Is 5G all it’s cracked up to be? Verizon’s Joe Russo believes it will be

Verizon has been a pioneer in millimeter wave (mmWave) technology, but it’s also taken its share of hits for doing so because of its propagation characteristics.  

It’s one reason T-Mobile continues to harp on about how its multi-band 5G strategy is the right one, while “other U.S. operators went all in on millimeter wave at the beginning of the 5G era.” That was a line in a press release Tuesday announcing how T-Mobile now covers 300 million people with Ultra Capacity, or mostly mid-band, spectrum.

But Verizon is holding firm to its mmWave strategy. 

During a podcast published this week, Recon Analytics analyst Roger Entner called Verizon’s mmWave deployment of about 40,000 mmWave nodes a “staggering number.” He asked his guest, Joe Russo, EVP and president of Global Networks & Technology at Verizon, if the plan is to supplement or increase the mmWave coverage going forward.

Russo acknowledged the carrier has a lot of mmWave holdings. Verizon’s first mmWave deployments have focused on dense urban areas, at stadiums and along beaches where they see a high concentration of people, he said. This week, Verizon announced it has deployed mmWave in all 30 NFL stadiums.

“It’s been a super tool for us,” Russo said, noting they deploy “several thousand new millimeter wave nodes every year … It’s been a great complement to the C-band spectrum.”

The “ah-ha” moment for him was a couple years ago when he was in some of the NFL stadiums where thousands of fans are trying to upload and share experiences during big events. Prior to mmWave, it wasn’t possible to communicate with people outside the venues with the volumes of streaming content that’s being done today. (Taylor Swift, anyone?)  

“We really solved that problem with millimeter wave. We’re now allowing customers to both stream down and up in those kinds of venues,” and it’s not just about speed but capacity to enable those kinds of things, he said.

The mmWave complements Verizon’s C-band, or 3.7 GHz, spectrum. Verizon has largely completed the buildout of its C-band spectrum in the first 46 Partial Economic Areas (PEAs) metro areas where it won licenses and it’s now deploying C-band in 406 PEAs across the country. Over the next year or two, it will continue to turn on C-band in more suburban and rural areas, he said.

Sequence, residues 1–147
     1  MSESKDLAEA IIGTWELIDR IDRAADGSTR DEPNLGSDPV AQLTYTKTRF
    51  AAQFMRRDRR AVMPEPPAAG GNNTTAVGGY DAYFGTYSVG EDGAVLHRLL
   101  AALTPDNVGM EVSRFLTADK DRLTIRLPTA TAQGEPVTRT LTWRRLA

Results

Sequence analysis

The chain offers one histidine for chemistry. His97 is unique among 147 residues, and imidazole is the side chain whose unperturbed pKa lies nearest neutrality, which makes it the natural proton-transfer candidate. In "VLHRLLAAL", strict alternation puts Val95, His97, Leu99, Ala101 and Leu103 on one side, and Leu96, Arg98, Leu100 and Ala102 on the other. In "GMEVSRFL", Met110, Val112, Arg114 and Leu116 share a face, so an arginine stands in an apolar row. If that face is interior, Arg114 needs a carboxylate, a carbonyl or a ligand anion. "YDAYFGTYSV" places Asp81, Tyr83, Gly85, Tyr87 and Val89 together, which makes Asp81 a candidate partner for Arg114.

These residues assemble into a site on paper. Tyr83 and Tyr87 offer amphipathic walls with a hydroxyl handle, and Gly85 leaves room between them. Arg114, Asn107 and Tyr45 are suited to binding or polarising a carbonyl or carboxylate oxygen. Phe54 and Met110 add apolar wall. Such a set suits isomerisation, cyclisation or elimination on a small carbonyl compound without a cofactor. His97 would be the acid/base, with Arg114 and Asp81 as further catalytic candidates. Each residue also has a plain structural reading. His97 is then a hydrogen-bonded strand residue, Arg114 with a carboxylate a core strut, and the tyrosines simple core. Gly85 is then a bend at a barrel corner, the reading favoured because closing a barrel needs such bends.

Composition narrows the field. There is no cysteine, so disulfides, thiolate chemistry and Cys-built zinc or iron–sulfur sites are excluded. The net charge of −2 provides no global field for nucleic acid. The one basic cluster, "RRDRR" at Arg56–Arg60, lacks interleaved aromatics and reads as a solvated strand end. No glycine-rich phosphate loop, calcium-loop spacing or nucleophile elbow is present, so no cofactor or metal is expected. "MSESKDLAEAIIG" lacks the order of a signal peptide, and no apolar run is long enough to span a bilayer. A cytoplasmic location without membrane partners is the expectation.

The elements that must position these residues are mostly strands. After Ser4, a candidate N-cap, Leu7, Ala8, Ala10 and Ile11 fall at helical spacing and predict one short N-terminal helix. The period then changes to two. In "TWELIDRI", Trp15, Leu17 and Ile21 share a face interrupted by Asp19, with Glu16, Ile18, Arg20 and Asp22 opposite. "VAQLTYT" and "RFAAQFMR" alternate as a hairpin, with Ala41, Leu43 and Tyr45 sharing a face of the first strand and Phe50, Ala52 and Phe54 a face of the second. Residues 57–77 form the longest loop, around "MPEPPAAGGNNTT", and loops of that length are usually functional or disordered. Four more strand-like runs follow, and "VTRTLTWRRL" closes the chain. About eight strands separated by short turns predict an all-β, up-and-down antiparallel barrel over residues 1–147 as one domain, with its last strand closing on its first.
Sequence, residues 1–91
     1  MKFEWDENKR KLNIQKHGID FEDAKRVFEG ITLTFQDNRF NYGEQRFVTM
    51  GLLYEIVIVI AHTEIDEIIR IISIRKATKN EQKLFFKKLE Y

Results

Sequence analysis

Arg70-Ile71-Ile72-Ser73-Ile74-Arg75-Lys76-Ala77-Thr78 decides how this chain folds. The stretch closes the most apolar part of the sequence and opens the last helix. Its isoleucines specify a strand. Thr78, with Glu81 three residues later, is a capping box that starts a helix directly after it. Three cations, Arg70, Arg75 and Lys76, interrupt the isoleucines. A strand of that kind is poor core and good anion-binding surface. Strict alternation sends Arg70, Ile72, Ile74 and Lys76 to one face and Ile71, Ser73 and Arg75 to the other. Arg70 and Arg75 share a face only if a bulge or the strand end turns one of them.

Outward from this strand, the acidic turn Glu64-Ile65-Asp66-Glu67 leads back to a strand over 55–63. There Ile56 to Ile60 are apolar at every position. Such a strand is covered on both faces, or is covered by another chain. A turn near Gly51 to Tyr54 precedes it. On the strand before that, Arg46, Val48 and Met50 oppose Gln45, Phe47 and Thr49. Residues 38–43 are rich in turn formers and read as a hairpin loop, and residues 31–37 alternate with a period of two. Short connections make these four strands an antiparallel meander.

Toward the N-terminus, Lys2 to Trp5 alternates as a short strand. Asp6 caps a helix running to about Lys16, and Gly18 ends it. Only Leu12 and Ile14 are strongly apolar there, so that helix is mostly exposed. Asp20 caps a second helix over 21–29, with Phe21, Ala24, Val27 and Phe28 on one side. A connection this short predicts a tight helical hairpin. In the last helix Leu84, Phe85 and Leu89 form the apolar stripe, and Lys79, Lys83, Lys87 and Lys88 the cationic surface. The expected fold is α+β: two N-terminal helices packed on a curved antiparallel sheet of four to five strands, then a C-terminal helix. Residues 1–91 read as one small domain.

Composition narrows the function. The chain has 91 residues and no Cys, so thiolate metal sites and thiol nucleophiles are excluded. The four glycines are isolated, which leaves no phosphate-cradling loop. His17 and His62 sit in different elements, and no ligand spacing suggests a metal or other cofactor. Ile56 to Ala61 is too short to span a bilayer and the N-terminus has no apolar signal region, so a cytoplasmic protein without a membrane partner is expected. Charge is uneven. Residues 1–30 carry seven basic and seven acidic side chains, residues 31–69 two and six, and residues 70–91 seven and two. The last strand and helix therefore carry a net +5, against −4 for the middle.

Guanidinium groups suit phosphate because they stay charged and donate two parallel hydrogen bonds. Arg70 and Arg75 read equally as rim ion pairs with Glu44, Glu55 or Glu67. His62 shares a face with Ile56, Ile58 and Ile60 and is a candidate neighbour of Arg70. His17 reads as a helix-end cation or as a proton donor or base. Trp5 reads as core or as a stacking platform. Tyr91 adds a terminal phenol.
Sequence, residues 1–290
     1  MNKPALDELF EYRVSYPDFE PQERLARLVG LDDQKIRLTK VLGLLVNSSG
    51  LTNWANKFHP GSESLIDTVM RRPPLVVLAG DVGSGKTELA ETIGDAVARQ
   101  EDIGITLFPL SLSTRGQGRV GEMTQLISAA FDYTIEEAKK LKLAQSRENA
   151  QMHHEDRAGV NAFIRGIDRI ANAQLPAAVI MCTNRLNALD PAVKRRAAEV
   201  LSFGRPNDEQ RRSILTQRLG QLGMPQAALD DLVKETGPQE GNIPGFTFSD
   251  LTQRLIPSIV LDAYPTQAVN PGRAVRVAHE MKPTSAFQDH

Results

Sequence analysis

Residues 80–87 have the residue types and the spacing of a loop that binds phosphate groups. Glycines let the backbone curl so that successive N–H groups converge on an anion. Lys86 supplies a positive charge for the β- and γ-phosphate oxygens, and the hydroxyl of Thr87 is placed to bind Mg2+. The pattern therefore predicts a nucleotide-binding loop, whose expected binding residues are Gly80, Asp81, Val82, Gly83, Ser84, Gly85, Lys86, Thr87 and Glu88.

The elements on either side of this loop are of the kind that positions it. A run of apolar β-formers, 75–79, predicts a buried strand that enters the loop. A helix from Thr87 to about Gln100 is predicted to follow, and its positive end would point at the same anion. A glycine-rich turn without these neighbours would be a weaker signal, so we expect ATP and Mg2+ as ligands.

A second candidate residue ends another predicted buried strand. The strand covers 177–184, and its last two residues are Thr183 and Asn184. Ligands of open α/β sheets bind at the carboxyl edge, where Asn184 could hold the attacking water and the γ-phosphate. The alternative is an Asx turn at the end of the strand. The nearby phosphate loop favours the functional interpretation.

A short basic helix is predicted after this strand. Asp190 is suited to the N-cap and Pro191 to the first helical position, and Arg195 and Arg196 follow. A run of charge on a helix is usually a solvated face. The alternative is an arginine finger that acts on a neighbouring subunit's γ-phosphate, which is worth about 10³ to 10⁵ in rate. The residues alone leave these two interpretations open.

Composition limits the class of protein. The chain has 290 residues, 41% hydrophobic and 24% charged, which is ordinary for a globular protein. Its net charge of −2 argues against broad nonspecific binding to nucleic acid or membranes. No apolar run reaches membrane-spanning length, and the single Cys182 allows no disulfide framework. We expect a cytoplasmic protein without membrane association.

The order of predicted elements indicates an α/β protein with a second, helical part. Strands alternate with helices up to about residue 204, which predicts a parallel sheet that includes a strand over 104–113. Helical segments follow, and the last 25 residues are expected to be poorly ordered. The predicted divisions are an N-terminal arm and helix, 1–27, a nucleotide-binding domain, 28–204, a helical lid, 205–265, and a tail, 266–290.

Is 5G really all it’s cracked up to be?

Russo said he gets the question quite often around the relevancy of 5G, both in terms of what it means for consumers and for the enterprise.

“I’m very optimistic – bullish, as a matter of fact, around the capabilities we’re putting into the network,” he said.

When Verizon launched its LTE network, few people foresaw how many use cases ultimately emerged. “I’m a firm believer the same exact thing will happen with 5G” as developers find new ways to use the technology, he said.

Russo also was asked about his comments at MWC 2023 Las Vegas around 5G Standalone (SA), where he said it wasn’t his intention to be first in deploying nationwide 5G SA.

5G SA is “absolutely” a capability that will be another enabler to new use cases, but “the reliability and performance of Verizon’s network is what we stand for and I don’t put technology out into the network that is a step back. It has to be a step forward,” he said.

All the data from both internal and external testing shows SA “needs a little bit more time,” he said.

Verizon is doing significant testing and development to make sure both the data and voice sessions in a SA world are as good or better than what’s in the LTE network today. “We see that in the next several months, we’re going to get there. But it was not my goal to be first in deploying standalone. It’s my goal to be best in deploying standalone.”

Verizon has 5G SA in trials only at this point; it is not commercially available, he said.

If there were something customers couldn’t do on the Verizon network that required a 5G SA core, he probably would have pushed it out for those use cases. But for now, Verizon is working with enterprises and developers to time it appropriately. “More to come in the next several months,” he said.  

Private network expectations 

That stands in contrast to what T-Mobile is doing. The carrier was the first out of the gate in 2020 with a nationwide SA network, although it hasn’t been particularly vocal about what it’s doing with network slicing until recently.

In Verizon’s Q3 earnings call yesterday, CEO Hans Vestberg said when it comes to private networks, Verizon doesn’t expect to see a big impact on revenues in 2024, but the groundwork is being laid for that to happen in 2025.

Today, T-Mobile CEO Mike Sievert was asked during the earnings call if he has similar views on private networks in 2025. He said for some carriers with 5G SA capabilities, private networks are here now. “We just aren’t managing it through press release and vaporware,” he said. “We’re just quietly serving customers.”

President of T-Mobile Business Group Callie Field cited Boston Children’s Hospital as one example in healthcare where T-Mobile is providing a 5G hybrid network.